A biweekly roundup of automotive news, good, bad and just plain weird:
Honda restores Chevy pickup truck
Honda motorcycles arrived in North America in 1959, and by way of celebrating their 60th anniversary, the company has decided to resurrect a piece of its past. Taking care to get every detail right, they’ve painstakingly restored a Chevy. Hang on. That can’t be right.
But it is! To be precise, the truck in question is a 1961 Chevrolet Apache 10, lovingly hand-painted with the American Honda Motor Co. livery, in red on white. Under the hood is a 283 cubic inch V-8, and it’s got a three-on-the-tree manual transmission.
Back when Honda was first starting out – long before anybody was thinking about a Civic, let alone a Ridgeline – Chevy trucks were what the company used to get its motorcycles out to dealers, and in for servicing. The restored truck isn’t one of the originals, but it’s identical, right down to the hand-lettered original address on the flank of the bed: 4077 West Pico Boulevard, Los Angeles, California.
And then there’s what’s in the bed, a 1965 Honda Super Cub 50, and a 1965 CB160. Apparently, you meet the nicest Hondas on a Chevy.
Harley-Davidson to build tiniest Harley
Picture the scene. A roadhouse near Sturgis. Leather-clad bikers. Tattoos and beards. Glowers and knuckles like bags of walnuts.
And then you roll up on a Harley-Davidson with a 383cc engine. Put-put-put. Heya fellas! What’s up? Ow!
If you haven’t been paying attention, Harley-Davidson’s been in a bit of financial hot water for a while. Their bikes are iconic, but expensive, and despite the well-burnished image of ape-hangers and choppers, Harleys aren’t selling as well as they used to. A friend described the tendency of middle-aged guys to dress up like motorcycle gangs as The Sons of Dentistry, but even they aren’t really interested anymore.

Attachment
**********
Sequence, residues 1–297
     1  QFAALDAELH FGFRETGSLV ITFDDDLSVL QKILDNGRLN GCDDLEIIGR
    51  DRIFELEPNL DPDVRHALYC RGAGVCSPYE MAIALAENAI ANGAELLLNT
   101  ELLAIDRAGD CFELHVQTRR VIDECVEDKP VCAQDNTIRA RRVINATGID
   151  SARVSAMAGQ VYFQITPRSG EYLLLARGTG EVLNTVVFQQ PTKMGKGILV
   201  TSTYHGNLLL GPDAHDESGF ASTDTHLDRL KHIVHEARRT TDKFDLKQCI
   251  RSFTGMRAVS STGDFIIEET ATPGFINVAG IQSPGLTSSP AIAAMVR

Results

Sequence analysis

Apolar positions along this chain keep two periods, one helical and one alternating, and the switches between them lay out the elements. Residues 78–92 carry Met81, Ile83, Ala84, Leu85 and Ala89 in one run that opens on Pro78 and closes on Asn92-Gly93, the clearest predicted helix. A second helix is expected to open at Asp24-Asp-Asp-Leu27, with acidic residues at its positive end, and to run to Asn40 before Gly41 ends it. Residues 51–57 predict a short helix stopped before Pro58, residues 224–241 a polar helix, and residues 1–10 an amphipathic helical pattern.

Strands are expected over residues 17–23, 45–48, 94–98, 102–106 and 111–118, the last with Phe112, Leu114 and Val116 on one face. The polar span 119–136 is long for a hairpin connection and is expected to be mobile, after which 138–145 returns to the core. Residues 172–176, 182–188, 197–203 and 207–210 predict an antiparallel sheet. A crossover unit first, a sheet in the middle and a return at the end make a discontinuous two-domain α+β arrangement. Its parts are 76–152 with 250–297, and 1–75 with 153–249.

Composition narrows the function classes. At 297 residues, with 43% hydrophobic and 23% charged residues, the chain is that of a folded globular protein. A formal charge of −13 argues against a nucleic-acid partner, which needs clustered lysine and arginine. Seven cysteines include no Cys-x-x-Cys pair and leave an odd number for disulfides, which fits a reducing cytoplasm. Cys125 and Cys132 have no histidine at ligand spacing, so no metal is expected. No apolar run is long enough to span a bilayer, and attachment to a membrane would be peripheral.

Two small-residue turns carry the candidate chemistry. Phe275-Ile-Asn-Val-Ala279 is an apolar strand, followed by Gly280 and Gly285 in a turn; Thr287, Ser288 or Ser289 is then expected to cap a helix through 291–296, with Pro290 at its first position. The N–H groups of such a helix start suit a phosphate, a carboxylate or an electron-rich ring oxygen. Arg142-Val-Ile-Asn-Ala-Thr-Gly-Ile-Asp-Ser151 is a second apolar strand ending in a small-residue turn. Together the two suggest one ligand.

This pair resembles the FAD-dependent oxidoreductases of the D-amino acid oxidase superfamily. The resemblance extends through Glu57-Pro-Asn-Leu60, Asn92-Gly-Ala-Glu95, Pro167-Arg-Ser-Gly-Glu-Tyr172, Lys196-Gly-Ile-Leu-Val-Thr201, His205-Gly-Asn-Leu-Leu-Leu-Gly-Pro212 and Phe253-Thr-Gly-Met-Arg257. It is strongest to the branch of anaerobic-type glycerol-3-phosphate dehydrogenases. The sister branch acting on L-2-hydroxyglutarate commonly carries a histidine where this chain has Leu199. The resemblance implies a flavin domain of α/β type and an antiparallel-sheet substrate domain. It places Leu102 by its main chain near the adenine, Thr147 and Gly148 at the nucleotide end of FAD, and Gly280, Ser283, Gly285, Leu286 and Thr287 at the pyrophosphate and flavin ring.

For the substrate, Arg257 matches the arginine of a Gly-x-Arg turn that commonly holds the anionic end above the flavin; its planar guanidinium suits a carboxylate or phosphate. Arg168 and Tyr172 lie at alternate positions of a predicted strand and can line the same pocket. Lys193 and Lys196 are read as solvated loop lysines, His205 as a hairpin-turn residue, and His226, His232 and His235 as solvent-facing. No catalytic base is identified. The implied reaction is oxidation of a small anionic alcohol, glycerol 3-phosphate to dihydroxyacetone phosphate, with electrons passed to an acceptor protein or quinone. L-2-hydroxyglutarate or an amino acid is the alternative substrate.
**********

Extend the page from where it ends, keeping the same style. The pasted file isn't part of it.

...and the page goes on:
So, Harley’s turning to the Chinese market, where motorcycles aren’t about leisure and leather, but about just getting to work. They’ll be building really small-displacement bikes, some as tiny as 383cc (not far off that early vintage Honda).
I don’t know much about the motorcycle business, so I hesitate to guess whether this is a good idea or not. What I will say is that Harley-Davidson might want to take a peek at what Dodge is doing, seeing how they’re going all-in on being an American brand. Maybe the problem isn’t about the export market.
Porsche releases Flat-Six Cayman GT4
It’s the perfect time to think about buying a GT4 or Boxster Spyder. No, not the new one, the old one. Whenever a new Porsche comes out, values always dip on the old one (depending on what changes they’ve made), so snap it up now while prices shrink a bit. It’s a fantastic car.
Now, helpful consumer advice dispensed, I can get on to a dissection of the new GT4/Spyder. If you were one of those people dismayed at the Cayman/Boxster getting a flat-four turbo rather than a proper flat-six, then it’s time to pipe down and shell out. Porsche’s built the car for you.
Sitting amidships in either a coupe or convertible chassis, with only a manual transmission available, the GT4 and Spyder get a 4.0-litre, naturally aspirated flat-six. It’ll rev to 8,000 r.p.m., producing 414 horsepower and 309 foot-pounds of torque.
While it’s not quite as quick or powerful as the 911 GT3, the Cayman/Spyder might actually be more fun. Small and quick is where Porsches generally excel, so why go for the big guns when there’s nowhere outside of a racetrack you can use them?
Tesla adds in-car racing game
Here’s a fun story that ties into Tesla’s general air of acting first and thinking about the consequences later. Released as an update, you can now play a Mario Kart style racing game on your Tesla’s big central screen, using your car’s actual steering wheel to control the game.
Now obviously, this isn’t intended to be done while actually driving. The idea is that you saw away at the steering wheel while waiting in the ferry lineup or what-have-you.
The problem is that Teslas aren’t steer-by-wire (at least, not yet), which means you’ll be grinding away your tires on the pavement. That’s not a bad thing for a few turns, but repeated stationary turning is going to flat-spot your tires.
Further, turning the wheel when your car is stationary puts a load on your power steering. It’s possible that people are going to burn out their assist motors.
And lastly, if cars are driving around equipped with screens big enough to operate as video game consoles, haven’t we lost the plot a little? Self-driving cars aren’t here yet, and it may take decades to get all the bugs ironed out. Maybe our parents were right all this time. Maybe we should put the videogames down, and practise concentrating a little.